Fırat Urcan, a psychologist at the foundation, told the Hürriyet Daily News & Economic Review that the implemented therapy program was one of the great successes of the foundation."Even those kids lacking great intellectual abilities have very well-developed social skills," Urcan said. "They can be a part of society and this is what we have achieved."

    Success stories

    Domestic violence, according to Müge Çelebican, is the greatest problem in Turkey and the reason children end up on the street. Child abuse is a social issue that is rooted in Turkish culture. Children can be treated more like objects possessed by their parents than human beings, said Çelebican.

    Psychological problems in families are also a great taboo, "There is no culture of going to a psychologist. Instead, adults relieve their tension on their children. Turkish society is a very nervous one. Instead of educating kids, uneducated people beat them," said Çelebican.

    Recep, a newcomer to the foundation, used to be kept locked up by his family without food in terrible conditions. Introducing Recep, a boy carrying a book that appeared to be heavier than himself, Çelebican said Recep liked to read and wanted to learn.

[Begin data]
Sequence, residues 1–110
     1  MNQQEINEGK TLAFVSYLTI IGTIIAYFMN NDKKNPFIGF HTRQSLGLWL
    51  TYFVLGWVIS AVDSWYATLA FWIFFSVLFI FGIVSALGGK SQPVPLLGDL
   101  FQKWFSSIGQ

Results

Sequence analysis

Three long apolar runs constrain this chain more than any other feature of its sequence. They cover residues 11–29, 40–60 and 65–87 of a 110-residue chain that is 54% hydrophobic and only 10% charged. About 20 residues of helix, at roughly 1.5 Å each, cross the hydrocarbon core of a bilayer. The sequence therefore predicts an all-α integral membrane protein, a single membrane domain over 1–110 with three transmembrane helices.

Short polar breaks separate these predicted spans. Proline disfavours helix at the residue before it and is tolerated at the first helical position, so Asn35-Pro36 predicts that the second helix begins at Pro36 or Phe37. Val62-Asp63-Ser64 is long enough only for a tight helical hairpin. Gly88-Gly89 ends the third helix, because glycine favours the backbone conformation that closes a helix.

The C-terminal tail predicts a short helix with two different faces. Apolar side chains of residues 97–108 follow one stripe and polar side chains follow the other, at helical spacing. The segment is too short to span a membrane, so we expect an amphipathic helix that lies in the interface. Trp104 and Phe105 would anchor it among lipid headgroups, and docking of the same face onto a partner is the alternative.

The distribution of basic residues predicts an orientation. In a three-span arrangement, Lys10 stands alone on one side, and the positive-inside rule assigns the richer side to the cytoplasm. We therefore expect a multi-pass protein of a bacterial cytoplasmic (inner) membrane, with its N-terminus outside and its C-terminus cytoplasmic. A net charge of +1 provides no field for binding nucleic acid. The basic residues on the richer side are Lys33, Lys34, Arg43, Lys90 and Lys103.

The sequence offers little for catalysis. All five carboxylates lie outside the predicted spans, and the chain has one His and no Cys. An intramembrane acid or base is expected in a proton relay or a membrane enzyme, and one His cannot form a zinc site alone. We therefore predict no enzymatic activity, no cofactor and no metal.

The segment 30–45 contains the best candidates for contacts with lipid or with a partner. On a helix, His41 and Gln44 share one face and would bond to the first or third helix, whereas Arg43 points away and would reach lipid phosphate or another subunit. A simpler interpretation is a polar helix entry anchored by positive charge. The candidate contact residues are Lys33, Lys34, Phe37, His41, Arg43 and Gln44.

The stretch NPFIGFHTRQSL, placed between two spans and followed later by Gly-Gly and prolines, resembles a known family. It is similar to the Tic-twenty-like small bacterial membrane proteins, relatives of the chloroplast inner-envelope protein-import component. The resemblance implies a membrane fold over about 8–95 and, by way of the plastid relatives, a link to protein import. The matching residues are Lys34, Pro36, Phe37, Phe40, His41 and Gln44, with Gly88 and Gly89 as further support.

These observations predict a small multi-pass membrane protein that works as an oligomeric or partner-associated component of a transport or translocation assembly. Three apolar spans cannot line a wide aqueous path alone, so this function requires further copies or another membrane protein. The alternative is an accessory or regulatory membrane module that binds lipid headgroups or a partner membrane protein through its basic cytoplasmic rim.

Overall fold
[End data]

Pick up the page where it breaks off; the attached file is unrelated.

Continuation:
Cem, another victim of domestic violence, has lived at the foundation for six years. "At the beginning he was not even able to speak. He used to be beaten and that affected his intellectual capacity," Çelebican said.

    Mesut, who spent part of his childhood in a governmental institution for teenagers, told the Daily News he would be a different person now if GÇV took care of him from the beginning.

    In the past he wanted to be a maths teacher. He earned enough points to enter a standard high school, which would allow him to study at university. However, the institution taking care of him made the decision for him. Mesut was sent to a vocational high school just like all other boys. "When you are talented, [the foundation] sends you to a private school," he explained the difference between the two types of organization, "In government shelters there is no such option." Despite facing difficulties, he successfully graduated and entered a vocational school at one of the universities in Ankara. When he turned 25, the state support he was receiving ended and the foundation decided to support him. He currently receives a scholarship from the foundation, which enables him to complete his post-graduate engineering studies at Yıldız Technical University.

    In 2004, the Social Services and Children Protection Institution, or SHÇEK, in its 42 centers for children and young people, registered over 40,000 children who were struggling with various social problems. According to UNICEF data, at least 42,000 children are estimated to be living or working on the streets in Turkey, although unofficial estimates are as high as 80,000.

    More information about the GÇV foundation is available at: www.gcv.org.tr.